Heisted Trike Returned
RIO GRANDE – Middle Township police investigated the theft of a handicapped person’s tricycle in this community on June 11 that took place late June 10 or earlier June 11. The tricycle was seen in the rear of a pick-up truck operated by Michael Hillemann, 19, of Court House. The tricycle had, according to police, been repainted and its serial number filed off. Police arrested Hillemann and a 16-year-old juvenile from Court House. Both were charged with receiving stolen property and criminal mischief. The juvenile was released to his parent. Hillemann was released on a summons. Kevin Gerlacher, 19, of Rio Grande, was also charged with receiving stolen property and criminal mischief. He to was released on a summons. The trike was returned to its owner.
STONE HARBOR – Last year, miscues mounted that made it impossible for world-renowned artist Peter Max to place his colorful mural on Mylar and wrap it around the borough’s water tower. That will change this year, according to Mayor Suzanne Walters. On June 6, she told borough council that the work, which was being installed at the expense of several private businesses, had adequate insurance and other approvals from the borough engineer. It should be placed later this month in time for the opening of Max’s July 1 opening at Ocean Galleries. The work will remain until the Wings ‘N’ Water Festival in September. Copies of the work will be on sale throughout the summer, with proceeds benefit the Wetlands Institute.
STONE HARBOR – Merchants earlier this month attempted to establish a “brand” and how best to market the municipality with assistance of public relations firm Parker and Partners. At its June 6 meeting, borough council learned of the meeting from Mayor Suzanne Walters. The mayor said the firm had done “lots of work for Burdette, the City of Margate and C.R.D.A.” Walters added that Chris Parker has a home in Townsend’s Inlet and frequents Stone Harbor. “She has a head start on who we are, the type of people and the stores that are here,” said Walters. Council will consider the proposed contract June 20 at its 4:30 p.m. meeting.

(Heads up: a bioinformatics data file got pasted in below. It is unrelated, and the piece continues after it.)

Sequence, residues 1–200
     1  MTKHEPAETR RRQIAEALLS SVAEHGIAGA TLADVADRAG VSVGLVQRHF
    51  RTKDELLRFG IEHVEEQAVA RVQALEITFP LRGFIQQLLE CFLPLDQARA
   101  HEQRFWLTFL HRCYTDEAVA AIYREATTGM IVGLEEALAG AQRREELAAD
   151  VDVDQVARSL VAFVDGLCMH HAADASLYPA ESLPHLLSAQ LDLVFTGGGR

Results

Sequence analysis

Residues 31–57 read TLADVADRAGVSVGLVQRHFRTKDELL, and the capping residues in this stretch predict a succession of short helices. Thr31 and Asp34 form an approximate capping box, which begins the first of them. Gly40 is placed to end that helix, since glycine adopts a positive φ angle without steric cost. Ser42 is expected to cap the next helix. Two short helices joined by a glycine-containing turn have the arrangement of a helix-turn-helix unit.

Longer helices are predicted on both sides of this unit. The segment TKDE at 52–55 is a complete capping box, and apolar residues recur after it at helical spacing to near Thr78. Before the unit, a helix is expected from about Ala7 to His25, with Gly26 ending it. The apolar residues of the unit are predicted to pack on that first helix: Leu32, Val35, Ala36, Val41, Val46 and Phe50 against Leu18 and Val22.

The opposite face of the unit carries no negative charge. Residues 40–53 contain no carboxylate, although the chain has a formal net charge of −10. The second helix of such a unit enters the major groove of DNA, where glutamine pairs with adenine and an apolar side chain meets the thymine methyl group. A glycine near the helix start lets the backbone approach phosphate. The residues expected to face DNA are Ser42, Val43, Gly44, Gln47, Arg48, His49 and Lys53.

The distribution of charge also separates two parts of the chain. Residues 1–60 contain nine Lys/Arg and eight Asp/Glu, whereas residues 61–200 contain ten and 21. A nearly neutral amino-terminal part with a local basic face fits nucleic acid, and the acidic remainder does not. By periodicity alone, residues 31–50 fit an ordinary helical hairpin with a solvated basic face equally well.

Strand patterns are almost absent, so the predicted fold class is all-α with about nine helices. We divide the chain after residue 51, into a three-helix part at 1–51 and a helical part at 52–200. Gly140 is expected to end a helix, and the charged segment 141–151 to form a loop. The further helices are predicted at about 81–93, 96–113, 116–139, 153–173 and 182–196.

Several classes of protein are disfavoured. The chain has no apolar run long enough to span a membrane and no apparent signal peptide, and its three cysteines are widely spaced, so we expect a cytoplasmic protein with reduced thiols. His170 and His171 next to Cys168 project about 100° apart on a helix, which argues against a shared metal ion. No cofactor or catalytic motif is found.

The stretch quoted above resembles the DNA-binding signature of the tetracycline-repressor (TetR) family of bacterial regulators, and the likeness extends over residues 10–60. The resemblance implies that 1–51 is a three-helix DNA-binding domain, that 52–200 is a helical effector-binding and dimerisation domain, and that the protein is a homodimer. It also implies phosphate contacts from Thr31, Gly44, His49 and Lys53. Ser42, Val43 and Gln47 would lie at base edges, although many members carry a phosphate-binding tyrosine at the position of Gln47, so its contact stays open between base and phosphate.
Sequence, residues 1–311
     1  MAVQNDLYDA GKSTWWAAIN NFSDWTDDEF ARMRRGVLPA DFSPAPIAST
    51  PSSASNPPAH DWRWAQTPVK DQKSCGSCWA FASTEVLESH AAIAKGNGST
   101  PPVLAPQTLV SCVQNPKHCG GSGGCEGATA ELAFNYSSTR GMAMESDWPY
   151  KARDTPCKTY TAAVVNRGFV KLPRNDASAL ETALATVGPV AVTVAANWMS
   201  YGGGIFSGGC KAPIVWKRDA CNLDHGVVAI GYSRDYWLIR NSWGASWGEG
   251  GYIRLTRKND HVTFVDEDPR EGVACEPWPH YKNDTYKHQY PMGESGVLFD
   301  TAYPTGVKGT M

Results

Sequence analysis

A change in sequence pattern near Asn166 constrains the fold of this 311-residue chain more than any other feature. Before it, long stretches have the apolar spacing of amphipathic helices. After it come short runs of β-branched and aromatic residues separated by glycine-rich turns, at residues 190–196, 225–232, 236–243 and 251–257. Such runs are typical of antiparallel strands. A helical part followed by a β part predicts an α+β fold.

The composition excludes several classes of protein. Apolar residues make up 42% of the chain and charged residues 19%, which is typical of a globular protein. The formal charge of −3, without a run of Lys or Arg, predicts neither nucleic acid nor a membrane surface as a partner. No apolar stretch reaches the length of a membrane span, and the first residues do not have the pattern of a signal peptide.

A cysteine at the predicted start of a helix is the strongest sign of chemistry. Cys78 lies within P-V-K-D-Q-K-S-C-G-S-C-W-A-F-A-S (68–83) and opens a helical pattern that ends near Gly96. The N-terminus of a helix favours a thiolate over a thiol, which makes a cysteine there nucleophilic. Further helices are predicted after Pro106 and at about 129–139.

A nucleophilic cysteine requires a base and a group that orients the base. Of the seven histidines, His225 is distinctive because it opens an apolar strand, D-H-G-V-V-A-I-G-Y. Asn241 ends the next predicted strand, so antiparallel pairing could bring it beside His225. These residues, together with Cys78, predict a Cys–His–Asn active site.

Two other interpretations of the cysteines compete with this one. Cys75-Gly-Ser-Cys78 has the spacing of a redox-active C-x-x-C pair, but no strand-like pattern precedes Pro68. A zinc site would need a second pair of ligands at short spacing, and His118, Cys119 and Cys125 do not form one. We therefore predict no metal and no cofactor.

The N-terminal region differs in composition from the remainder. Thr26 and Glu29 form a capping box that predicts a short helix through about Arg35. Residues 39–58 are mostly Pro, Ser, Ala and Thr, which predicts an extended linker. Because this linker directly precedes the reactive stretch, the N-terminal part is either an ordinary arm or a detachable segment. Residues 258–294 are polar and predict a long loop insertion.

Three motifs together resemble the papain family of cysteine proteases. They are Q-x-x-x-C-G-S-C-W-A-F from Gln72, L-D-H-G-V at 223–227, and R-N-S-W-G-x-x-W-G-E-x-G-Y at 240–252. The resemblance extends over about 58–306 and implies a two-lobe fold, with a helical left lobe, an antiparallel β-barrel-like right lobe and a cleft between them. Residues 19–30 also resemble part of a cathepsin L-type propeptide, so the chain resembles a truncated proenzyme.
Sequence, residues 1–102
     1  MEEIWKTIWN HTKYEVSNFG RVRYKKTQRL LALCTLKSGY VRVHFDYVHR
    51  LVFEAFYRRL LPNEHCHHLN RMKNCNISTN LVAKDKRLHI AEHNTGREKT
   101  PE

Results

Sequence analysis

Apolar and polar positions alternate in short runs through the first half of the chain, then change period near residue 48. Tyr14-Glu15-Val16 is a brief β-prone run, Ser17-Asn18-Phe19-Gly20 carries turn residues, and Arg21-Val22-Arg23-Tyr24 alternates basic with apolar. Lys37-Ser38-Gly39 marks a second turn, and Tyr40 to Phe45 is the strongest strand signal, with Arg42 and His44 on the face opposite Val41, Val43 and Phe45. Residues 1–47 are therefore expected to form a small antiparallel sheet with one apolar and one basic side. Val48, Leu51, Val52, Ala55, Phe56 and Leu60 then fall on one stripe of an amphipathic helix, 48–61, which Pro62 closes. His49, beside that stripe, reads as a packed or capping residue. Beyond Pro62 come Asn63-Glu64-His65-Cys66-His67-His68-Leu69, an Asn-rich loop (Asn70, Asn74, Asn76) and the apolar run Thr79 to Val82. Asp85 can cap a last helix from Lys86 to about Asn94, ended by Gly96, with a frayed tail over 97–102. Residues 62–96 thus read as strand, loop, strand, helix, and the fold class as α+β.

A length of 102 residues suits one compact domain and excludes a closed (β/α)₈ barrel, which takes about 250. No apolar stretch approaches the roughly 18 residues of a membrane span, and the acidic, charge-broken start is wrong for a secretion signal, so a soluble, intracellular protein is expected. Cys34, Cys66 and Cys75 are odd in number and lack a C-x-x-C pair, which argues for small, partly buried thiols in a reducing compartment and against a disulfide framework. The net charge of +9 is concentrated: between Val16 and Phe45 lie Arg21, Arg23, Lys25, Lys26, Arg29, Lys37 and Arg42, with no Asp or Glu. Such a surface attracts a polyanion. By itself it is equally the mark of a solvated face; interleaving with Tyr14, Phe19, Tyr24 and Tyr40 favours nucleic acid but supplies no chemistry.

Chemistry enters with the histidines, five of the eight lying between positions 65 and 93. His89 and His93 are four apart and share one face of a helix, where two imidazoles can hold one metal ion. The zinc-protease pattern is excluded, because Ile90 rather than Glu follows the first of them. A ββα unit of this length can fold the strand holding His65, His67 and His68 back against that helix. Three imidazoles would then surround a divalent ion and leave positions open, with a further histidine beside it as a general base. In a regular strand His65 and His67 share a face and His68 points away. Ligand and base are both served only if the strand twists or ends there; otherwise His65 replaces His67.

Plastic Fence Protects
STONE HARBOR MANOR – For the second year, low, plastic fencing has been erected among Stone Harbor Boulevard in an effort to save Diamondback terrapins from crossing the highway and being killed. The public is asked not to disturb any terrapins found on the waterside of the fence. Females seek high ground to lay eggs at this time of year. They are unaware that the highest ground is in the middle of the causeway. The fencing will be removed when the nesting season ends, about two months from now.
Smoke Fills Building
COURT HOUSE – Middle Township Municipal Building, 33 Mechanic St. was evacuated shortly before 11 a.m. yesterday after smoke filled all offices. Court House volunteer firefighters responded from next door to search out the cause, which was not determined by press time. No injuries were reported.